Small business owners lack an understanding of financial products and services, and banking procedures, which in turn, hinders their growth. Credit schemes to help MSMEs are also not utilized to their full extent due to lack of awareness. Lack of registration by MSMEs admits the high degree of information asymmetry about government schemes and financial literacy.
In comparison to medium and large enterprises, the micro and small enterprises underperform in terms of productivity, quality, waste, affluent, emissions, work environment, safety and employment conditions. This is of major concern as it means that economic and job opportunities are wasted and the health and safety of workers and communities are put at risk. Therefore, it is important to look at strategies to cover up this differential and to address the issue of low productivity of MSMEs, particularly micro and small enterprises in the manufacturing sector.
Limited access to finance
Even as entrepreneurs devise strategies to expand their businesses, a large number of them lack access to easy and affordable credit. Micro firms are mostly proprietorships or partnerships at best; on the one hand, they do not have either inventory or assets that they could offer as collateral for financing, on the other their credit requirements are usually liquidity requirements. So, while they are the firms that have credit needs to finance the day-to-day functioning of their business, the credit delivery mechanism is not easily available to them. Additionally, though microfinance institutions (MFIs) and non banking financial companies (NBFCs) have performed well in terms of credit delivery to MSMEs, their cost of finance is high.
Delayed Payments: Despite having a law which assures payment within 45 days from the date of delivery, delayed payment continues to be a major problem for MSMEs.
Poor quality products
Lower spending on research and development (R&D) poses a threat to innovation, particularly for product innovation. As a result, MSMEs have poor efficiency. Delivering quality products has become increasingly important. There is need to enhance the quality of products by establishing modern incubation and technology resource centres where entrepreneurs can learn about new technologies and better work practices. In addition, large number of big units are in or near big towns and big cities. This creates a conducive environment for the growth of other business opportunities due to the availability of better infrastructure and related resources and provides opportunities for MSME clusters to grow around them.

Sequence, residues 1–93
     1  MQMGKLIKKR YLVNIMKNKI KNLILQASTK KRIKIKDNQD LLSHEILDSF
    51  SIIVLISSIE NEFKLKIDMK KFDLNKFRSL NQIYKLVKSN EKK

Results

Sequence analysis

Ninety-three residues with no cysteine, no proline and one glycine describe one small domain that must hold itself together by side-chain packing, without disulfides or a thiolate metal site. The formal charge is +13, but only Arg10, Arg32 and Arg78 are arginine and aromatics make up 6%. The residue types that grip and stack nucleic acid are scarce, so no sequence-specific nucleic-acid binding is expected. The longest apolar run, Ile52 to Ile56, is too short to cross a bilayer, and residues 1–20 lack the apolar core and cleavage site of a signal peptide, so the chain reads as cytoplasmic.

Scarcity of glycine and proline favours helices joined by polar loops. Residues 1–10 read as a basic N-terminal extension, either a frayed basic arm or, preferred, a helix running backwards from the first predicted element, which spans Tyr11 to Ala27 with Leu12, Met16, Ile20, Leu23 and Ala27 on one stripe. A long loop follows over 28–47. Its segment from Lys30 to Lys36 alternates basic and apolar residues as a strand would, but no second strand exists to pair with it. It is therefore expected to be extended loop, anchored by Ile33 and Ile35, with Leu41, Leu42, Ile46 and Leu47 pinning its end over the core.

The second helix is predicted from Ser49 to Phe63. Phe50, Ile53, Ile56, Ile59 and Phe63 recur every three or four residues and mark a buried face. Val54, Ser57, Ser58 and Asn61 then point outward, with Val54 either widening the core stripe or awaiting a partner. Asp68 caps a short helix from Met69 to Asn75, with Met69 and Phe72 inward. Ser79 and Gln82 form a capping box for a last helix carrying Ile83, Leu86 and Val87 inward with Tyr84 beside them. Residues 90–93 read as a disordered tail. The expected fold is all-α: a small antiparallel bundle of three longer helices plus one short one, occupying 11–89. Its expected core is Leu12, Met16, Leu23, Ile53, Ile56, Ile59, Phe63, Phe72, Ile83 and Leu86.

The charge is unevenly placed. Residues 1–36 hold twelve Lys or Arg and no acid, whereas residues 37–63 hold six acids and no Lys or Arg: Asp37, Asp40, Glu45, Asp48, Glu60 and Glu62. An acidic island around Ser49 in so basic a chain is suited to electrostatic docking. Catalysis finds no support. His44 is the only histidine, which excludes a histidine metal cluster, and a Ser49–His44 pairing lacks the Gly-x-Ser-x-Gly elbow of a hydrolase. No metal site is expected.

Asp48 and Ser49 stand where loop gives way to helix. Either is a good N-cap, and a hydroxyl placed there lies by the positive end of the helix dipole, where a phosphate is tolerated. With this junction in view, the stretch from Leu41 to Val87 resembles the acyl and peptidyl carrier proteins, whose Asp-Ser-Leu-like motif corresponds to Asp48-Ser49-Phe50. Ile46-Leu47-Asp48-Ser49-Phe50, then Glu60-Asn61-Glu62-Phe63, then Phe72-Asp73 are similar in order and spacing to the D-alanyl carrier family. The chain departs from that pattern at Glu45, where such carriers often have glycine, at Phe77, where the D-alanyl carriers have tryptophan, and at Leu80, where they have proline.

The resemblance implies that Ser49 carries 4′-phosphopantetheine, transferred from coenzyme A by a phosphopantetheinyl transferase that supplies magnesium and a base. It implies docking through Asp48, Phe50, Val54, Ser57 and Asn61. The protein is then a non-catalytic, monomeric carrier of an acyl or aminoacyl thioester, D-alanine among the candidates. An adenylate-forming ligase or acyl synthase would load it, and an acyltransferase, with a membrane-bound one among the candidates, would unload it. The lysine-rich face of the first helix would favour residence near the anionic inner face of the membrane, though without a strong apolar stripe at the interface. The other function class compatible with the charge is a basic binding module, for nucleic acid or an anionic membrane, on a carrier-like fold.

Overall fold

However, this increases the cost of running small businesses as high land and labour costs impact the profit margins of MSMEs. Also there has been no MSME Census after 2006-07 and no survey of unincorporated enterprises after 2015-16. Moreover, there is no official data to shed light on graduation of business units among different categories such as micro, small, medium and large.
Ineffective District Industries Centres
District industries centres (DICs) provide the necessary services and support to entrepreneurs in setting up MSME units. They have a presence in each district, but over time they have not updated and modernized as per changing needs of MSMEs. Further, their functional efficacy has reduced. Therefore, there is a need to rejuvenate DICs as they can play an important role in developing and promoting industries in the respective districts.
Resurrecting MSME Sector
The MSMEs related policies and schemes need congruence, alignment, uniformity, and standardisation in terms of meeting the actual requirements of the sector at the ground level. It requires a coordinated approach by all the policy making authorities. The MSMEs need incentives for import substitution. Discrimination in terms of importer, exporter, trader and retailer needs to be removed. The registration of MSMEs should be encouraged so that formalization of the sector can be achieved. It will enable more MSMEs to avail benefits under various promotional schemes.